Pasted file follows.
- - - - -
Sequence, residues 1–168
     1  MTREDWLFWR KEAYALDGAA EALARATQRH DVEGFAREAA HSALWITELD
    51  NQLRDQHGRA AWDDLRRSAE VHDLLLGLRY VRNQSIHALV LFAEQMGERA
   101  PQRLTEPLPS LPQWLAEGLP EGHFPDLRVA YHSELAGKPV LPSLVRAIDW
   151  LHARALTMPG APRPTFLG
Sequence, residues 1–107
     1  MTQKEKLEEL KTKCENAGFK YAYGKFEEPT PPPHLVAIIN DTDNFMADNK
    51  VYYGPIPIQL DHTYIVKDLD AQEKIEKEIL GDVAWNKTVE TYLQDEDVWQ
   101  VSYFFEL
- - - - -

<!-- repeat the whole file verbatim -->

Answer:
Sequence, residues 1–168
     1  MTREDWLFWR KEAYALDGAA EALARATQRH DVEGFAREAA HSALWITELD
    51  NQLRDQHGRA AWDDLRRSAE VHDLLLGLRY VRNQSIHALV LFAEQMGERA
   101  PQRLTEPLPS LPQWLAEGLP EGHFPDLRVA YHSELAGKPV LPSLVRAIDW
   151  LHARALTMPG APRPTFLG
Sequence, residues 1–107
     1  MTQKEKLEEL KTKCENAGFK YAYGKFEEPT PPPHLVAIIN DTDNFMADNK
    51  VYYGPIPIQL DHTYIVKDLD AQEKIEKEIL GDVAWNKTVE TYLQDEDVWQ
   101  VSYFFEL